“The vast majority of his poems are still in manuscripts” should be (in Latin) the motto of the Society for the Appreciation of Italian Hebrew Poetry. All I have is Schirmann and the diwanim of the Franceses. I’m just one poor guy who likes Hebrew poetry. But do feel free to keep filling in details around the margins.

  3. I promised ולכן אקיים:


    Scroll down the page, the first sound example is a recording of “למי אחפוץ”.

    Schirmann makes mistakes in nikkud? How so?
    You have several more files in pdf on the internet. Not very comfortable for a long reading, but still something.

  4. Interesting recording – very baroque indeed. This is a side of Italian poetry in action I hadn’t been exposed to before, thanks for bringing that to everyone’s attention. I wish the words were a little clearer. Do you know of any recordings of people simply reading poems in the Italian accent? I know how it’s pronounced, but knowing is one thing, and actually hearing is another.

    As far as Schirmann, while none come to mind now, I’ve noticed errors, especially mix-ups in qamatz and patach, though they may not be his, or some may be for meter’s sake or they may just be the extremely poor quality of the PDF.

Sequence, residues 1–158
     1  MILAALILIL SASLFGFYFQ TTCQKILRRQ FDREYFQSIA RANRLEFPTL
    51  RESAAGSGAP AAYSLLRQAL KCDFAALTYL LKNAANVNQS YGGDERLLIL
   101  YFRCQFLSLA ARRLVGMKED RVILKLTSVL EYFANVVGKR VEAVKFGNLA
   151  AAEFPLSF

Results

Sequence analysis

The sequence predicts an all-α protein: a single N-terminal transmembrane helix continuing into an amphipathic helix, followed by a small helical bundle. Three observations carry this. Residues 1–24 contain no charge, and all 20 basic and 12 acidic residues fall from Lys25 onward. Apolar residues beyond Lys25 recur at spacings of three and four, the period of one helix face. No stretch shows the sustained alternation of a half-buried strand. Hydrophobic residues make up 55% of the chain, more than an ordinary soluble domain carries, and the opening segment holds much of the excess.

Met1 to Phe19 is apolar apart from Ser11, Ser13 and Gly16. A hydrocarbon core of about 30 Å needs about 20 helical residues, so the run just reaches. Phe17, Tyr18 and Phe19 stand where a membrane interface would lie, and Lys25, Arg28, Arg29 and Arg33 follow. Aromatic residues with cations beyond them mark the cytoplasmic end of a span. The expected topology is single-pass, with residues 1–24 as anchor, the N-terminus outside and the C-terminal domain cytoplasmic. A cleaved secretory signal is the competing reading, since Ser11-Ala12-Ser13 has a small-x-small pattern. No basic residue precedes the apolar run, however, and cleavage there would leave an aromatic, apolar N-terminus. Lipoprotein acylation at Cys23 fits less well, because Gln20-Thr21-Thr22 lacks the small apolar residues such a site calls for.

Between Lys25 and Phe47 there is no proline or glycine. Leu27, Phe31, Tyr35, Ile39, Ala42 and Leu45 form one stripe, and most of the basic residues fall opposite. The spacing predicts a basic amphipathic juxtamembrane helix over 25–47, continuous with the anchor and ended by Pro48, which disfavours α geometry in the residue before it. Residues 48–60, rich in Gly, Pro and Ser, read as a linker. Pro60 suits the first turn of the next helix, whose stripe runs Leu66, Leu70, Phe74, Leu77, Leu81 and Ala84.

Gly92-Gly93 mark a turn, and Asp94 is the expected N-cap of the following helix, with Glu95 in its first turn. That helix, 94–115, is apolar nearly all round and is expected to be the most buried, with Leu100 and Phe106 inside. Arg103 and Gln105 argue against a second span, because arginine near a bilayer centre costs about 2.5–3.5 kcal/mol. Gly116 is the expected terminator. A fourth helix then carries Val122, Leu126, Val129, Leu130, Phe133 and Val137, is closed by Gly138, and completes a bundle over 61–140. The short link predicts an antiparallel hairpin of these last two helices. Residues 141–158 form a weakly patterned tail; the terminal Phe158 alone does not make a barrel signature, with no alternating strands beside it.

What other files are there? I have Schirmann obviously, and I just ordered a book of Italian poetry off eBay, I think Mi-Shirei Yisrael be-Italiyah, and other than the Frances diwanim, that’s all I’ve got.

  5. Oh, and I’m also aware of the stuff on the Ben Yehuda Project, though the Italian material is still pretty scanty there.

  6. Music composed by and for Italian Jews in the 16th-17th centuries is a fascinating field, which I also just began exploring. There’s still some work to be done there, and hopefully soon, in the near future, I’ll get to the point of actually studying it a bit more thoroughly.

    As for your question, the closest I can think of is the following site, which includes Torah readings: http://www.archivio-torah.it/testotorah/
    I only listened to the Ha’azinu, and I’m not versed at all when it comes to Te’amei Mikra (though, sadly, had to deal with it a bit lately).